It was a full day, filled with splendid surprises.

FRIDAY 28 MAY

WEATHER A perfect day. Clear, sunny, with a cool breeze.

Debrecen, Hajduszoboszlo Airfield, Hortobágy Fishponds, Nagyivan area.

As we drove to the southern edge of the town we noted a Hobby from the vehicle.

The first port of call was the Hajduszoboszlo Airfield, a grassland area noted for birds of prey. Kestrel, Marsh Harrier and Buzzard were seen within minutes and then an elegant pale Long-legged Buzzard drifted into the area and then settled on the airfield. At that moment we saw our first Suslik of the trip. No doubt these hamster-like animals were active due to the threat of finishing up as breakfast for one of the birds of prey.

We then set off for the fishponds near the village of Hortobágy. Grass Snake was one of the features of this stop, two being seen from the vehicle and a third by a pile of dumped fish.

Purple and Night Herons were seen at close range as were Spoonbill and two Red-necked Grebe. A striking adult Lesser Black-backed Gull was a surprise as it is a far-from-common passage migrant. A great deal of time was then spent reinforcing our knowledge of a selection of more common resident species. Whilst watching Ferruginous Ducks, however, we had distant views of a pair of hunting Saker Falcons.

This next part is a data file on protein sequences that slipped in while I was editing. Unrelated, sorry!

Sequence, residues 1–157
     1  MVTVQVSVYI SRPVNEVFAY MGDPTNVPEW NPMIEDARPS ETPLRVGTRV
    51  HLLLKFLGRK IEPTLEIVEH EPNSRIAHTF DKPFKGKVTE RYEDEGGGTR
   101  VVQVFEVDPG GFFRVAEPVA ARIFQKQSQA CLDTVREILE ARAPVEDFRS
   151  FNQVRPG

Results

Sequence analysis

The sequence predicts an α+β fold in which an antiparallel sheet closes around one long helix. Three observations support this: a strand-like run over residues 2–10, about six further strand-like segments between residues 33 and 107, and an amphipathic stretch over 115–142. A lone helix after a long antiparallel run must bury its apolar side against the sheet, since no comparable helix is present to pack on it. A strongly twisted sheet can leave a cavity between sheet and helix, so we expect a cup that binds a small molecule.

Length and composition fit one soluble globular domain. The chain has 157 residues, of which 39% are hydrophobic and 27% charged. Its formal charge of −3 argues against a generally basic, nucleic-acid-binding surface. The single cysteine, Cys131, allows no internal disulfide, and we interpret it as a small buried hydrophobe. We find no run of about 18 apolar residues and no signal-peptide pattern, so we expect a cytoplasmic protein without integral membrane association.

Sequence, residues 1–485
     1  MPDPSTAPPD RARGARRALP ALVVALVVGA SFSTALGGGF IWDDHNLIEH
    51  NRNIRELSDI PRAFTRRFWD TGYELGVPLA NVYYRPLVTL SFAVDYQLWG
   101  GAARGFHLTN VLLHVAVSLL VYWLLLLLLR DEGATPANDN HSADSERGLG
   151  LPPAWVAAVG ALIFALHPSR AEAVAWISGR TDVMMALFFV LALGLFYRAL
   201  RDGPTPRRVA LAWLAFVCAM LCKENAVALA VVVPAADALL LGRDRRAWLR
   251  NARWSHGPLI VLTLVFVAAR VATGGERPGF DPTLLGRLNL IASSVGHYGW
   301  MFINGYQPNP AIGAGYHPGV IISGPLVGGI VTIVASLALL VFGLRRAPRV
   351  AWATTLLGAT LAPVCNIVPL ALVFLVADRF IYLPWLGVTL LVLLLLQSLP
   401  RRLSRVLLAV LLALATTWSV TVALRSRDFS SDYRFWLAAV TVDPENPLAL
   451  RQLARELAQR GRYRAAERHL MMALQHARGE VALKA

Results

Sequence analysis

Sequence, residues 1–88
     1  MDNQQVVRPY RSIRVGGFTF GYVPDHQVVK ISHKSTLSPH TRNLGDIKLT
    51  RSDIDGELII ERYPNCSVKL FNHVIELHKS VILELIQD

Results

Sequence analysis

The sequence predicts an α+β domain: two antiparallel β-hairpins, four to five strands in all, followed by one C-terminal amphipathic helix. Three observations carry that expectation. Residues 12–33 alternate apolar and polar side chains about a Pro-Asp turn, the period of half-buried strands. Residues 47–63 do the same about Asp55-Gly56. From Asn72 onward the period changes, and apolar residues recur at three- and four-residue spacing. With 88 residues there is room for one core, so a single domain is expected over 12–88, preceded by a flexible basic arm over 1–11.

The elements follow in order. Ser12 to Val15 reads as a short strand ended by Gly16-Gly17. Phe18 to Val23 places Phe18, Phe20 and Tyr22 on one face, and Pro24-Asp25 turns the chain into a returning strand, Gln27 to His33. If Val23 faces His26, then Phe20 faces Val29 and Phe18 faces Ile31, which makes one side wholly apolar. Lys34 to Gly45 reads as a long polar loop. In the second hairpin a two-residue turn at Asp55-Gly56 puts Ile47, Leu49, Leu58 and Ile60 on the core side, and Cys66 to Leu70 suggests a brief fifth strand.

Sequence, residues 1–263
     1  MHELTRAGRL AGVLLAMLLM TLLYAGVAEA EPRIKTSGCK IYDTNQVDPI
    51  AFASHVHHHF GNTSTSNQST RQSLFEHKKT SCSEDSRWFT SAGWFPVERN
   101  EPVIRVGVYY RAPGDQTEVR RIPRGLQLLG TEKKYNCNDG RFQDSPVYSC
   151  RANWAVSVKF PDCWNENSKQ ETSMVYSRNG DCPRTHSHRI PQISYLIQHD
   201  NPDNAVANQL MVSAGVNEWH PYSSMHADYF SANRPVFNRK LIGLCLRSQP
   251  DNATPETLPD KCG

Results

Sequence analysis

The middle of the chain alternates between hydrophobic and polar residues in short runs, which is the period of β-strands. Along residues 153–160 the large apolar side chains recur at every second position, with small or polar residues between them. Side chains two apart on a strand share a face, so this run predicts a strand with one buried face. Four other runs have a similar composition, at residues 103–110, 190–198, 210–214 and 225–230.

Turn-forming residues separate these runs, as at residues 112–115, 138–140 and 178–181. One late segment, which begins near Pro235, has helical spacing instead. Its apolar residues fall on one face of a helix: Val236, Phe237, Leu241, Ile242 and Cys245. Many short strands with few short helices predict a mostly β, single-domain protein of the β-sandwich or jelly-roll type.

Once again lunch was taken in a traditional restaurant, the specialities being an exceptionally tasty soup and very rich donuts.

Soon after lunch we visited a woodland which was christened 'Falcon Wood' by the 2003 group. We were soon aware of the significance of this name when we saw some twenty-five Red-footed Falcons. Some were at nest boxes, some hunting in the area. We were able to appreciate their agility as they turned and jinked in their attempts to catch flying insects. Other discoveries in the wood were a juvenile Long-eared Owl roosting in a tree and an adult sitting in a nest box surveying the scene through cold yellow eyes. Nearby were a pair of Rollers, which showed off their powerful flight and then perched on an electricity pole. The bright light emphasized their brilliant colours.